Confessions of a Rebel Architect
Confession: I am an architect.
Architects are skilled at approaching issues from different angles. We have the ability to research a problem and the tools to design a solution that meets a specific problem. In this way, architecture has an amazing potential to contribute to society.
Yet too often the daily realities of the profession result in days full of long meetings picking apart trivial details and reducing the conceptual aspirations of design to shallow one-liners. Architects are often only invited to the project after investors, developers, and other stakeholders outside of the community have established project outcomes based on profit models and resale potential. These realities leave me feeling that as a profession, we are somehow missing the point.
Outside the profession, the term “architect” denotes the idea of a mastermind, a strategic inventor who thinks in big, broad strokes and establishes an impactful plan or course of action. However, inside the profession, the architect’s scope is most often relegated only to the building and the immediate needs of the physical components in the space. We allow ourselves to reduce our impact by only considering design at a building scale. We too often ignore our responsibility to define the built environment at an urban scale, as part of the larger context that imagines the future of how society might convene, collaborate, protest, and thrive.
As an architecture student, I was trained how to generate an idea, how to iterate options for that idea, and how to present and adapt that idea based on feedback. While these tools can be applied to the physical realm of architecture, they are similar to the tools used by community leaders and grassroots activists working at an urban scale. Architects are trained in the skills needed to approach society’s most adaptive challenges.
I recently left an innovative architectural office known for its integration of design with social needs because I had grown frustrated with the limited voice we architects allowed ourselves in the larger discussions around hard topics most affecting our cities and towns. After joining the Goldin Institute, I came to realize the tools the Institute works to instill in grassroots leaders and encourage policy makers to adopt are the very tools that, as architects, we are trained to wield. Focusing only on beauty and form is an irresponsible application of our skills. The role of the architect demands that we understand the legacy of a place, of a people, and translate it into the built environment that holds the next chapter.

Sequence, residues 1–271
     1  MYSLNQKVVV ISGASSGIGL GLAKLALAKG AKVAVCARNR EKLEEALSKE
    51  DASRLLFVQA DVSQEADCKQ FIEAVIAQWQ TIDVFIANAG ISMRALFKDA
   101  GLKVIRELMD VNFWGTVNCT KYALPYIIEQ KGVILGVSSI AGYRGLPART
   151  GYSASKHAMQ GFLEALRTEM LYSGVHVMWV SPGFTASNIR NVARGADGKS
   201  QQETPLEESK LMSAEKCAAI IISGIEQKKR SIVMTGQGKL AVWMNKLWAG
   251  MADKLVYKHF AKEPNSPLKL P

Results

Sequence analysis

It’s time to rebel against the building-scale-only convention of architecture and recapture the holistic legacy of the title. It’s time to train up Rebel Architects who can imagine a more desirable future as a vanguard of new social solutions!
Last year, I partnered with Erin Sterling Lewis, 2017 president of the North Carolina Chapter of the American Institute for Architects (AIA) and co-founder of the Raleigh-based architecture firm in situ studio, to create an initiative that seeks to create conversations centered around a community-driven process leading to responsive design and responsible development that would authentically consider place, context, and social change.